BPA Funds Idaho Grazing Aquisition to Protect Fish


The conflicts between cattle and Columbia Basin fish and wildlife restoration were removed in at least one Idaho drainage with the announcement this week that the Bonneville Power Administration paid $145,000 to compensate grazing permittees for giving up grazing privileges on 48,000 acres of federal range land.

The BPA and the Northwest Power Planning Council on Tuesday announced consummation of the deal on U.S. Forest Service land along Elk Creek in Bear Valley, Idaho. The Shoshone-Bannock Tribe and Idaho Department of Fish and Game proposed the mitigation project to protect threatened and endangered spring/summer chinook salmon, steelhead and bull trout.

"This is a novel approach to protecting salmon, and we're pleased with this project," said Judi Johansen, BPA administrator. "The project promises to deliver on its goal of permanently protecting prime spawning habitat. This project demonstrates what is possible when people work together to develop creative solutions. We recognize this project represents a major change in the way of life for the local rancher, Rollin Baker, and we appreciate his willingness to work with us to make this happen."

"We are very pleased that the Bonneville Power Administration, the Shoshone-Bannock Tribe, the Idaho Department of Fish and Game, and Rollin Baker, the local ranchers have been able to successfully turn an innovative idea into reality," said Dave Rittenhouse, forest supervisor for the Boise National Forest.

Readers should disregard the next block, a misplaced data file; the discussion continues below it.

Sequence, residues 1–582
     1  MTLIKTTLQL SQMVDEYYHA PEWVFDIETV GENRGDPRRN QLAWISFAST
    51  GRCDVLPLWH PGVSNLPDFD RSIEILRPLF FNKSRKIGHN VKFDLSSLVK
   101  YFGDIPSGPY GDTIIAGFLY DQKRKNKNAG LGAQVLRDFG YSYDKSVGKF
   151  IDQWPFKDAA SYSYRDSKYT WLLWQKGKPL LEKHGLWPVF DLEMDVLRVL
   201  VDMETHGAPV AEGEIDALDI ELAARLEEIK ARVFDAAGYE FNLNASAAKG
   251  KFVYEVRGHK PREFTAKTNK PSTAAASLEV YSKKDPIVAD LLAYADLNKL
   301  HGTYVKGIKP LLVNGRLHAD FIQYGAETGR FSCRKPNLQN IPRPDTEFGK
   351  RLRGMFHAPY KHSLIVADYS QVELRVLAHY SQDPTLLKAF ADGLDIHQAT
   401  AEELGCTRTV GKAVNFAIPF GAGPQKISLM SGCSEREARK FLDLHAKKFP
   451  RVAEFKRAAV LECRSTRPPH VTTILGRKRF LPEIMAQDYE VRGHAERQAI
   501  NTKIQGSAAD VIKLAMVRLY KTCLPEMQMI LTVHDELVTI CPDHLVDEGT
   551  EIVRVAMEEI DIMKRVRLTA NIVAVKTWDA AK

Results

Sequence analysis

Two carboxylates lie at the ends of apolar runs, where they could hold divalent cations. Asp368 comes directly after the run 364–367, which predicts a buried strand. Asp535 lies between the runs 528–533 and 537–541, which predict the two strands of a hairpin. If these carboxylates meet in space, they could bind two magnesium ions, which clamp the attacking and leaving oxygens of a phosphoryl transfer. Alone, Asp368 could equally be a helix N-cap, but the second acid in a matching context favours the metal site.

"These folks have worked closely together for several years to find a fair way to improve conditions for the several species of threatened and endangered native fish that spawn in the Bear Valley area."

The deal included negotiating a number of ticklish issues involving the elimination of the grazing allotment.

"Everyone gave a little" to produce the negotiated solution, said Rayola Jacobson of the Council's Boise office. She praised Idaho Gov. Dirk Kempthorne for helping coordinate the effort.

Elk Creek provides drainage for the Bear Valley Basin in central Idaho. The area provides spawning and rearing habitat for a major population of endangered native spring chinook salmon as well as threatened steelhead and bull trout. The stream also supports westslope cutthroat trout. Elk Creek has particular significance for chinook salmon recovery. During the past 10 years, it has produced more than one third of the Middle Fork Salmon River's annual population of salmon, according to a BPA press release. The Middle Fork Salmon River contains the only remaining stock of wild spring chinook, unaltered by hatchery supplementation, in the entire Snake River Basin.

Idaho Fish and Game and the Shoshone-Bannock Tribe in 1999 proposed the project in which BPA would compensate livestock permittees for retiring or giving up their grazing permits. The Northwest Power Planning Council recommended the project as a high priority for funding. After rigorous review, their Independent Scientific Review Panel said the project "Is an excellent proposal. It emphasizes the protection and passive restoration of habitat and supports its points with data."

With the forfeit of the grazing privileges, the Forest Service can close the area to future grazing. The amount of this compensation was based on a qualified appraisal of the value that the federal grazing permits add to the ranching operations. The land will continue to be held by the federal government.